However, all refugees who spoke to Human Rights Watch said they feared for their lives if they returned to Syria, lacked money and other means to leave Lebanon, and have little chance of being resettled in a third country. Nearly 90 percent are trapped in a vicious cycle of debt, according to a recent UN assessment. UNHCR noted during an interagency meeting for aid providers on October 2, 2015, that the majority of Syrian onward movement from Lebanon to Europe is people coming directly from Syria, not people already living in Lebanon.

Lebanon is not a signatory to the 1951 Refugee Convention or its 1967 Protocol. Consequently, Lebanon does not assign refugee status to individuals who would otherwise qualify for it under international law, and all procedures for entering and remaining in the country are based on local law and regulations. However, Lebanon is still bound by the customary international law principle of nonrefoulement, which prohibits returning people to places where they risk being persecuted, tortured, or exposed to inhuman or degrading treatment or punishment.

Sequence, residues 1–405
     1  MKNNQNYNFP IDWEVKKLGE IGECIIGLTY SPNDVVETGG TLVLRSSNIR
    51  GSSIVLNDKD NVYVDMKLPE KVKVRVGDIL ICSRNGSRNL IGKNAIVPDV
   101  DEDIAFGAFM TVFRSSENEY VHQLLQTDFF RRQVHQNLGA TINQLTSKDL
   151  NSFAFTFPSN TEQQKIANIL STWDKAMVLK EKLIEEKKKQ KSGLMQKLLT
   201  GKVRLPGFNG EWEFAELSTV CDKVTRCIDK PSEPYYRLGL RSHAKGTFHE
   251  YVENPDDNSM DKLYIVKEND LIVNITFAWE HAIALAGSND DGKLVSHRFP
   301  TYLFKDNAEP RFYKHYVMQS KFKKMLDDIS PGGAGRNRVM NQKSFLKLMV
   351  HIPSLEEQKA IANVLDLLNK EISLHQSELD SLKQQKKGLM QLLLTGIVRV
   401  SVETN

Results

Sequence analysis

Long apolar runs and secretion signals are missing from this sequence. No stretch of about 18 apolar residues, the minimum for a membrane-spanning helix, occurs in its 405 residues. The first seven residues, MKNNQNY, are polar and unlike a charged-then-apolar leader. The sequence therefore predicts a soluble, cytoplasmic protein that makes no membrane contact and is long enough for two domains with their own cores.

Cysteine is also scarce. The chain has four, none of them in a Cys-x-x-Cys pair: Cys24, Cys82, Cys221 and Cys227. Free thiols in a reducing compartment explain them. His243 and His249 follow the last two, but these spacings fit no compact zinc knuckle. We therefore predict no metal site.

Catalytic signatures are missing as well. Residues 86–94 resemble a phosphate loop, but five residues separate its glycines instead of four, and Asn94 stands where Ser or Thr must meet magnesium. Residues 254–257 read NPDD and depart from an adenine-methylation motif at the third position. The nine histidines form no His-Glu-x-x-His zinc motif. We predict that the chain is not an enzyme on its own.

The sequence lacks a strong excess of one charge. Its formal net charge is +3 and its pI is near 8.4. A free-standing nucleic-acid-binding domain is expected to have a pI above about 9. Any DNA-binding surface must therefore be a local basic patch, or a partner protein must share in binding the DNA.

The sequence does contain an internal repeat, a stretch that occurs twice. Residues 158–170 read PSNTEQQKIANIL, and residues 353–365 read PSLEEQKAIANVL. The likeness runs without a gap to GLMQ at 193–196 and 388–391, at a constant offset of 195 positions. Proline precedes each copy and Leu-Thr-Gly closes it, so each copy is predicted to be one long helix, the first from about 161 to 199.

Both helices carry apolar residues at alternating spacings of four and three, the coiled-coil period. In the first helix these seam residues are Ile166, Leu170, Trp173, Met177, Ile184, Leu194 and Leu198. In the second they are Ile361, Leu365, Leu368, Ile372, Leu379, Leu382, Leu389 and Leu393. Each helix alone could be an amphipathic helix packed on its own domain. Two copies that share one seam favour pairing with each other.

“Lebanon’s shortsighted policies are setting the stage for a potentially explosive situation,” Houry said. “With international help, Lebanon should adopt policies that allow Syrian refugees to keep their legal status in the country and live in dignity. This is not only the minimum standard for treating refugees, it will also promote stability in the country by regularizing their presence.”